Selectmen approve low-interest loan, Rialto to go digital


October 16, 2013
LANCASTER — Fears that the Rialto Theatre would go dark for lack of a digital projection system have been eased.

The board of selectmen — chairman David Stickney and Rep. Leon Rideout — voted on Monday night, Oct. 7, to make a 10-year $50,000 business loan earmarked for town businesses with a low, one-and-a-half percent interest rate to Rialto Theatre co-owners Greg Cloutier and David Fuller, both of Lancaster. To avoid any appearance of a conflict of interest, selectman Leo Enos abstained.

"This is a game changer," Fuller explained.

All across the country, digital projection is a must.

CNN Tech reported in June that the National Association of Theatre Owners estimated that 88 percent of the nation's theatres had switched to digital.

"Films" are now 200-gigabyte hard drives, and "projectors" are big electronic machines that are designed to work at multiple frame rates, all monitored remotely.

The handwriting is on the wall, and the day will soon be here when movies are not released on 35mm print film, dooming many small-town theatres and hurting Main Street businesses across the country, Fuller explained in a Friday afternoon interview.

"We're already having trouble getting first-run films near their day of release," he said, adding that the industry had moved for more quickly in moving to digital only than he and Cloutier had expected. "By the time we got 'The Butlers' and 'We're the Millers,' many of our regular customers had already paid to see them somewhere else; they just couldn't bear to wait five or six weeks."

Fuller said he expects the new projection system to be in operation during the week of Dec. 9.

The town-sponsored loan will cover more than half the anticipated cost of allowing the Rialto to show movies from a hard-drive, in addition to making some repairs to its sound system.

Although the two businessmen have not worked out the details, they anticipate using the services of Kickstarter or its equivalent as a way to use the Internet to raise at least part of the needed $35,000 balance. Fuller said that undoubtedly he and Cloutier would also seek funds from foundation and community-minded sources.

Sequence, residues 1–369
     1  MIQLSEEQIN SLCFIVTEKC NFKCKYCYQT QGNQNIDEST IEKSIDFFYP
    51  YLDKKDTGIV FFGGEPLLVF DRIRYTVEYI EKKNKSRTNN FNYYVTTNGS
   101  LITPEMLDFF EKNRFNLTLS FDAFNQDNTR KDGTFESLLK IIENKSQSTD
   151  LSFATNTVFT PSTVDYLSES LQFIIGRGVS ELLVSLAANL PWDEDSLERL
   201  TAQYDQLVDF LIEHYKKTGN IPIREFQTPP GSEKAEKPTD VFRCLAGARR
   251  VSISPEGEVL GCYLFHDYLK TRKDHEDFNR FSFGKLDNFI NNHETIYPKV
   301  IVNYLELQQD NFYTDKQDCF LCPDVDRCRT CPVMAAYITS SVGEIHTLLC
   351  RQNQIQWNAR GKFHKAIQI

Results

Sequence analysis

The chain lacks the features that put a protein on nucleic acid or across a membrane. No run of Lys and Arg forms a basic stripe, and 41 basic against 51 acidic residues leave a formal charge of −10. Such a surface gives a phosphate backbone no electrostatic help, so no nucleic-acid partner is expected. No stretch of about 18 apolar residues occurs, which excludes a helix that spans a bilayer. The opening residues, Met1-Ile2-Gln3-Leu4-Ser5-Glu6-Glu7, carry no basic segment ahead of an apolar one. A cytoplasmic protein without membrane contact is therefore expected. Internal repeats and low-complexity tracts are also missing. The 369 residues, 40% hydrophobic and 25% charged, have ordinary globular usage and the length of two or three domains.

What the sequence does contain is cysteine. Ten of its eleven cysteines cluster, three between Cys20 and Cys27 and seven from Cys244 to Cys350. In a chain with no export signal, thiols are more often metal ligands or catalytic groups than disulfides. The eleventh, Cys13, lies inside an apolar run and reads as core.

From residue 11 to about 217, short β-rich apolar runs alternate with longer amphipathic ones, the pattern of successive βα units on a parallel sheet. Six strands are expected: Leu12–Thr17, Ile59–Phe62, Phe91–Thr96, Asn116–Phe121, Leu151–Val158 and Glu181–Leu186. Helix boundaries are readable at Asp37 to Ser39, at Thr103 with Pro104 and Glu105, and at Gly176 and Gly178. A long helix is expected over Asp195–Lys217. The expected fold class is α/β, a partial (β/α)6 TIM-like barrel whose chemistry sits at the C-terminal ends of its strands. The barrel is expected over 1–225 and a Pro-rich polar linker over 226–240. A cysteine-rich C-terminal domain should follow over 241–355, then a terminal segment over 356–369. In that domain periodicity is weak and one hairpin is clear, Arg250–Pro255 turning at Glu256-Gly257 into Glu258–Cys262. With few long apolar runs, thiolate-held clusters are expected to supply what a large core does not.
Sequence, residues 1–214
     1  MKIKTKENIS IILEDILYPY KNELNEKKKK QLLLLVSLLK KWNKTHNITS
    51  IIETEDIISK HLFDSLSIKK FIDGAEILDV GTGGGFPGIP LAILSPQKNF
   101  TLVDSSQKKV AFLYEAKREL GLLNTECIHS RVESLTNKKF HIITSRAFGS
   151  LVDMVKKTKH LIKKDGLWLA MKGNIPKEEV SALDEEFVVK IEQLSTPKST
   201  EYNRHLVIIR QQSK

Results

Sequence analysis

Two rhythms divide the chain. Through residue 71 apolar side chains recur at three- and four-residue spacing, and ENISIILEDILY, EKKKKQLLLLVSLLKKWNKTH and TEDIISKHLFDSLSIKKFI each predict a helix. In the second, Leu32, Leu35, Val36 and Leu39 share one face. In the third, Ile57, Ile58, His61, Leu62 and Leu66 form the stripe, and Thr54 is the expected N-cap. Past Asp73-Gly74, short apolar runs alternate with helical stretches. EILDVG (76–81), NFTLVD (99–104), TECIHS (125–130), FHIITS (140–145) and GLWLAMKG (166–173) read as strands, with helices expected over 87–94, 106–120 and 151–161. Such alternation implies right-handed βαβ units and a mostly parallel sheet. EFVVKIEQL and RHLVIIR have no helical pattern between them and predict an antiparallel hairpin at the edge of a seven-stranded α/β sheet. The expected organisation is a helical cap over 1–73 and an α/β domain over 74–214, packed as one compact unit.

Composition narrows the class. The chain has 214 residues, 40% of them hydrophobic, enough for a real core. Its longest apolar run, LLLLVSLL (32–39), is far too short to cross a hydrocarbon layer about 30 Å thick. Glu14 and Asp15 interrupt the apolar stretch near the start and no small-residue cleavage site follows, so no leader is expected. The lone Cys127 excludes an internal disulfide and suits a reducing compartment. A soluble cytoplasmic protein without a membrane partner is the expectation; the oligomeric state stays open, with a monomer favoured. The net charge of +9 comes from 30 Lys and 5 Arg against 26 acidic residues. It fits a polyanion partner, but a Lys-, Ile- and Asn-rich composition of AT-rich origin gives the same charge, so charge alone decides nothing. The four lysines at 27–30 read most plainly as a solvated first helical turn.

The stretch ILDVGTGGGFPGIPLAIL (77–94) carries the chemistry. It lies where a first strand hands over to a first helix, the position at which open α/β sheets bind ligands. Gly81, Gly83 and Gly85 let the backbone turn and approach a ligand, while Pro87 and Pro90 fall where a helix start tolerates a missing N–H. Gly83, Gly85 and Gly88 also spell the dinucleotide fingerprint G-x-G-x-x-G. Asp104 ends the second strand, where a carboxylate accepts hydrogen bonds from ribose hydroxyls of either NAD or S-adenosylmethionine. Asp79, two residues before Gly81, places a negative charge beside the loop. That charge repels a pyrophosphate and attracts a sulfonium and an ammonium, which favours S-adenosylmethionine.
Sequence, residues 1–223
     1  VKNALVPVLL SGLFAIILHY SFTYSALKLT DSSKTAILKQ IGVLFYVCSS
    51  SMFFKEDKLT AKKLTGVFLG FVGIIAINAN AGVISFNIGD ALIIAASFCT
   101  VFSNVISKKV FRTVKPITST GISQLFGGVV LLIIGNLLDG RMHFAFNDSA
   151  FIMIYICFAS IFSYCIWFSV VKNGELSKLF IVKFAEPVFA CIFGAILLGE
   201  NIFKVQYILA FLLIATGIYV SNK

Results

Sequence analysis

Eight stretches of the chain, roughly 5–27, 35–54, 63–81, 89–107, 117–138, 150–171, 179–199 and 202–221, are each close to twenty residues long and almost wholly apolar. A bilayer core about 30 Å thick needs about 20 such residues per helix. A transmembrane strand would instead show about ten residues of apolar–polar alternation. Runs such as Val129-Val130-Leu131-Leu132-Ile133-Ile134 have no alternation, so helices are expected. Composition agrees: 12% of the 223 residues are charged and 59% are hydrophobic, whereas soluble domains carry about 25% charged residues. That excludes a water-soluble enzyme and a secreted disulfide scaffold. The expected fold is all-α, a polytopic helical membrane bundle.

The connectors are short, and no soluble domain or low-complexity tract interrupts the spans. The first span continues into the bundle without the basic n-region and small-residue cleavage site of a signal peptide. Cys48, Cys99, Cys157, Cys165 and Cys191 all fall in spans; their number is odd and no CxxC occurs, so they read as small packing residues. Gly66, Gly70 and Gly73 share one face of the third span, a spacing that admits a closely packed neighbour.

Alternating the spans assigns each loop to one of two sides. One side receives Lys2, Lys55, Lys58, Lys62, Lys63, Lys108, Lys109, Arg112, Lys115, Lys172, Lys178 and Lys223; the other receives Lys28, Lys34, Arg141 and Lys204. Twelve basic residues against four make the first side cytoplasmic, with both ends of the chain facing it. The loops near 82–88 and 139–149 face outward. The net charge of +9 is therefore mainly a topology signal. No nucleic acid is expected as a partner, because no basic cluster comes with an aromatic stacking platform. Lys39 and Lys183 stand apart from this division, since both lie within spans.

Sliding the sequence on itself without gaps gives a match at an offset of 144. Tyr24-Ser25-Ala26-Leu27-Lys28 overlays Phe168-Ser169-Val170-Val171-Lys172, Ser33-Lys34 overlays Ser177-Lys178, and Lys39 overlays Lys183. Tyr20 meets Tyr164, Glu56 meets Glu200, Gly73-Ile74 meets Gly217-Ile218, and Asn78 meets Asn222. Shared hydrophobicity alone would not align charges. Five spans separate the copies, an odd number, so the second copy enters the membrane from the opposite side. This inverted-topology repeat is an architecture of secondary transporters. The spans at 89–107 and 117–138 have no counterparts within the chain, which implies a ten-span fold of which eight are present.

Fortunately Fuller signed the Rialto up to screen a 35mm copy of "Catching Fire," the second movie in the "Hunger Games" series, starting on Thursday, Nov. 21. That night he expects to offer a double feature in which both the original "Hunger Games" is shown at 5 p.m. and the new one, at 8 p.m.

The Rialto gets great community support, Fuller pointed out, and in return offers programming to the community at a price — usually $250 — that does not completely cover its costs.

The recent free-to-the-public Empire Brass concert, supported by the Noyes Fund, filled all of the Rialto's 298 seats, with a dozen latecomers turned away.

Last year's RialtoPalooza drew some 200 young people, who enjoy nine live heavy metal bands.

The Weeks State Park Association voluntarily paid somewhat more than the usual fee to screen "The People's Forest: The Story of the White Mountain National Forest," that, typical of its summer-long Thursday night lecture series was free to the public and drew some 200 people. Both David Huntley of Moore Huntley Productions, who produced the documentary and David Govatski of Jefferson, a retired U.S. Forest Service forester who was an active member of the Weeks Act Centennial Committee, were on hand, as were others involved in the film project.

Cloutier explained in an e-mail exchange that most of the benefit and charity events do not actually cover the Rialto's operating costs, so that it's very important for the theatre to be able to continue showing great first -run movies to help its owners' meet their basic financial needs. "This allows us to fill the need in town for Lancaster and its surrounding communities to have a low-cost venue in which to put benefit concerts, fund raisers, performing arts, cult favorites, educational offerings, classics and live entertainment.

Rusty DeWees will put on his comedic show, "The Logger" at the Rialto on Friday and Saturday nights.

The third Wednesday of every month brings free classic films. Tonight "Psycho" will be playing, with donations for the new digital projector accepted.

On Nov. 20, "Oceans Eleven" will play, featuring the Rat Pack.

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